LANCASTER COUNTY, Pa. — It’s safe to say COVID-19 has had an impact on every aspect of life for humans and even their four-legged friends.
Veterinarians have a new tool at their disposal to keep pets and their owners healthy.
Technicians with Healing Paws Animal Hospital in East Hempfield Township, Lancaster County are taking preventative measures.
“We veterinarians are taking major steps to stop the spread of COVID-19,” explained Dr. Carrie Vigeant, the owner of Healing Paws.
Technicians are triaging pets outside and over the phone in an effort to mitigate the spread of germs.
“I think a lot of people are kind of enjoying this concierge appointment experience,” laughed Dr. Vigeant. “Who wants to come to the vet? It's like stressful. It's like going to the dentist or the doctor so they pull up, the kids are in the car. We come get the dog. We do what needs to be done. They pay over the phone. The dog comes back. It's like everyone's happy.”
If they so choose, pet owners can keep a watchful eye on their fur babies during their appointments. There is a window into the treatment room which allows a little more transparency.
“We really try to embrace transparency; we're really focused on client and creature comfort,” said Dr. Vigeant.
Clients can also video call into the appointment or anytime their animal is having an issue, thanks to telemedicine. COVID-19 is forcing vets across the state to adapt.
“We can now offer that with much less restrictions. Before we had to have seen that pet, a patient within a year, to be able to prescribe diagnose or treat, and now, they're leaving it up to us in our medical judgment to decide,” explained Dr. Vigeant.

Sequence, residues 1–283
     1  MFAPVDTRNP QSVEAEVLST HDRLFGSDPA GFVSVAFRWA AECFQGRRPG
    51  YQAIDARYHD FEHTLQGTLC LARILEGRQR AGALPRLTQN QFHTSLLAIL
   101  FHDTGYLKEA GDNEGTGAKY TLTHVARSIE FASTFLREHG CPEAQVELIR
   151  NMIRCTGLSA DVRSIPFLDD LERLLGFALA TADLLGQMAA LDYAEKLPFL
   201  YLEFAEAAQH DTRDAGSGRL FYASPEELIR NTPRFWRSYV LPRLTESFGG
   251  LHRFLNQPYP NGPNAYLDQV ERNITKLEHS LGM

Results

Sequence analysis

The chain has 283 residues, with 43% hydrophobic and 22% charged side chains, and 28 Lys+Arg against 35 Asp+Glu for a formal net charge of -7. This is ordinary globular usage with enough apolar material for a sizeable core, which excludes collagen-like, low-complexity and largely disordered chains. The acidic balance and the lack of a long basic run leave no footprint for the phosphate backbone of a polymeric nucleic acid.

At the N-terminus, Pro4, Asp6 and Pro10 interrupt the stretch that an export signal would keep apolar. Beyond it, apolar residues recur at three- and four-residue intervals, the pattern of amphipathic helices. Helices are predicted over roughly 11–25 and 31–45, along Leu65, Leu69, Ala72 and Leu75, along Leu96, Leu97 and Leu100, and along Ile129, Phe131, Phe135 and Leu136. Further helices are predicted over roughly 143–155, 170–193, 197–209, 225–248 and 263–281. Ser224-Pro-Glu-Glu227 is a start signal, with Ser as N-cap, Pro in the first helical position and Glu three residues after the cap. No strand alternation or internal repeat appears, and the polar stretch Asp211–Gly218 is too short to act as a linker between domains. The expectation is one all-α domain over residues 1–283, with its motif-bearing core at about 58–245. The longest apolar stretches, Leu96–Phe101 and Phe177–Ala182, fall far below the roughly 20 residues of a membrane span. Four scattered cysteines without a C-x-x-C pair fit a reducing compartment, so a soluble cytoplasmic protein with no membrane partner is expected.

Even while working through a pandemic, Dr. Carrie Vigeant is happy and thankful business is doing okay.
“In lieu of everything, you know, it always could be better, but my God, it could always be worse,” she said.
Healing Paws utilizes Vet2Pet applications for iPhone and Android for its telemedicine program.
In York County, Hill Street Veterinary Hospital is taking similar measures. It has changed its hours, and technicians are also meeting clients and their four-legged friends outside the hospital, which you can read about below.
The American Veterinary Medical Association has also provided guidance for veterinarians and their clinics.
One question asks, "Can pets serve as fomites in the spread of COVID-19?"
According to its website, "COVID-19 appears to be primarily transmitted by contact with an infected person’s bodily secretions, such as saliva or mucus droplets in a cough or sneeze. COVID-19 might be able to be transmitted by touching a contaminated surface or object (i.e., a fomite) and then touching the mouth, nose, or possibly eyes, but this appears to be a secondary route. Smooth (non-porous) surfaces (e.g., countertops, door knobs) transmit viruses better than porous materials (e.g., paper money, pet fur), because porous, and especially fibrous, materials absorb and trap the pathogen (virus), making it harder to contract through simple touch. Because your pet’s hair is porous and also fibrous, it is very unlikely that you would contract COVID-19 by petting or playing with your pet. However, because animals can spread other diseases to people and people can also spread diseases to animals, it’s always a good idea to wash your hands before and after interacting with animals; ensure your pet is kept well-groomed; and regularly clean your pet’s food and water bowls, bedding material, and toys."
You can read more about that here.